Asunto(s)
Afroamericanos/estadística & datos numéricos , /epidemiología , Grupo de Ascendencia Continental Europea/estadística & datos numéricos , Hispanoamericanos/estadística & datos numéricos , Adulto , Anciano , Femenino , Disparidades en el Estado de Salud , Humanos , Tiempo de Internación , Masculino , Persona de Mediana Edad , Respiración Artificial/estadística & datos numéricos , Estudios Retrospectivos , Estados Unidos/etnología
4.
Artículo en Inglés | MEDLINE | ID: mdl-33800177

RESUMEN

To compare African American (AA) and non-Hispanic White men living in same residential areas for the associations between educational attainment and household income with perceived discrimination (PD). The National Survey of American Life (NSAL), a nationally representative study, included 1643 men who were either African American (n = 1271) or non-Hispanic White (n = 372). We compared the associations between the two race groups using linear regression. In the total sample, high household income was significantly associated with lower levels of PD. There were interactions between race and household income, suggesting that the association between household income and PD significantly differs for African American and non-Hispanic White men. For non-Hispanic White men, household income was inversely associated with PD. For African American men, however, household income was not related to PD. While higher income offers greater protection for non-Hispanic White men against PD, African American men perceive higher levels of discrimination compared to White males, regardless of income levels. Understanding the role this similar but unequal experience plays in the physical and mental health of African American men is worth exploring. Additionally, developing an enhanced understanding of the drivers for high-income African American men's cognitive appraisal of discrimination may be useful in anticipating and addressing the health impacts of that discrimination. Equally important to discerning how social determinants work in high-income African American men's physical and mental health may be investigating the impact of the mental health and wellbeing of deferment based on perceived discrimination of dreams and aspirations associated with achieving high levels of education and income attainment of Black men.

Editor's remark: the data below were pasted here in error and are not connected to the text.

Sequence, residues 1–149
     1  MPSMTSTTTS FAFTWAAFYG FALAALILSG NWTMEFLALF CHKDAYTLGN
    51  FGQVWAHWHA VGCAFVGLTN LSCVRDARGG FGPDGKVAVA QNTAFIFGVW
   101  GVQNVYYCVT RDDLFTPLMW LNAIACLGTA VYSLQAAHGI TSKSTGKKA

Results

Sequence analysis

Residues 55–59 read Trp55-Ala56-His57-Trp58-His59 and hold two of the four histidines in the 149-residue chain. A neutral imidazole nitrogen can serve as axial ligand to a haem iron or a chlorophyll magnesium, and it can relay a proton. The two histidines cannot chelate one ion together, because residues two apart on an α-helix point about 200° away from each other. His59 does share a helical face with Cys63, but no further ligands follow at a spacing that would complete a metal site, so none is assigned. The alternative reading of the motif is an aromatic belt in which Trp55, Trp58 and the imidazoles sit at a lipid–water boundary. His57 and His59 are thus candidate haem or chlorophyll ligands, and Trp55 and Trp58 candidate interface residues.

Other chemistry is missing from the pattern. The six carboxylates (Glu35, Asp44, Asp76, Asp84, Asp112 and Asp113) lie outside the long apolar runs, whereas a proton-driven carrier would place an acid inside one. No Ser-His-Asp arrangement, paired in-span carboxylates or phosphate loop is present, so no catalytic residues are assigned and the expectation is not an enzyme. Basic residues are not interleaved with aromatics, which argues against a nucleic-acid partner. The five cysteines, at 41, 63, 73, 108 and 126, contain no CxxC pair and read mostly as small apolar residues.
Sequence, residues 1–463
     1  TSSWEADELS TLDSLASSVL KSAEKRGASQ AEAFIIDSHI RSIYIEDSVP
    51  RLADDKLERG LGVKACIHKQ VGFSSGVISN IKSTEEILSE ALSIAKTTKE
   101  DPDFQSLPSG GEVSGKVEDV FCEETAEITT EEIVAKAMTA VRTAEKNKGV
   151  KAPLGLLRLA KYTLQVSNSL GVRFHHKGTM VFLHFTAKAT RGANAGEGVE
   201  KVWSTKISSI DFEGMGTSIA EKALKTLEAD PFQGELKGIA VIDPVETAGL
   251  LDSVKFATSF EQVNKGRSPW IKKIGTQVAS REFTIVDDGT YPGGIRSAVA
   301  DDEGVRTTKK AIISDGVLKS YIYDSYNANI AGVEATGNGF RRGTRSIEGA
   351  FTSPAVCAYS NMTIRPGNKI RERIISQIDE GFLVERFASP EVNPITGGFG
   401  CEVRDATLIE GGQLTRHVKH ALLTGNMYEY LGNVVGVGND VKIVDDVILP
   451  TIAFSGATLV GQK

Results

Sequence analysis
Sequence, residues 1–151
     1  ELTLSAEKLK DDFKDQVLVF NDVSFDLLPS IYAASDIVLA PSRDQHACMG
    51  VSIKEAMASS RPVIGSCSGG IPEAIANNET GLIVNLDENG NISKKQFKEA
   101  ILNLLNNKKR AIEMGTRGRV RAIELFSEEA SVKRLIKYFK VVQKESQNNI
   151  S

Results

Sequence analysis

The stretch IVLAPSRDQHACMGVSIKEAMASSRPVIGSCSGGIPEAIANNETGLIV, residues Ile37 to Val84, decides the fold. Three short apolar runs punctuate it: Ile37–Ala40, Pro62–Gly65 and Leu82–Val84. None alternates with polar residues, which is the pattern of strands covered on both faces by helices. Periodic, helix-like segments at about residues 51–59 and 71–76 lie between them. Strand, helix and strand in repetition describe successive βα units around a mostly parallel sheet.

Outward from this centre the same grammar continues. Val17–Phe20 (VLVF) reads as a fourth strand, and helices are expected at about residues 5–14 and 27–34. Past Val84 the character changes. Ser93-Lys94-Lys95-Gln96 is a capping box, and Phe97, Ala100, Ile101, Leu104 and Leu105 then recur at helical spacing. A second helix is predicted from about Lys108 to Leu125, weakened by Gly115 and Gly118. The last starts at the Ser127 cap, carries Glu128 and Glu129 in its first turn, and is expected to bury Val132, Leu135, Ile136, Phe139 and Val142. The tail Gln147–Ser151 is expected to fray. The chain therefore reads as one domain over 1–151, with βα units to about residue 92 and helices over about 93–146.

Asunto(s)
Afroamericanos , Renta , Hombres , Racismo , Grupo de Ascendencia Continental Europea , Humanos , Masculino , Salud Mental , Estados Unidos
5.
Medicine (Baltimore) ; 100(15): e24523, 2021 Apr 16.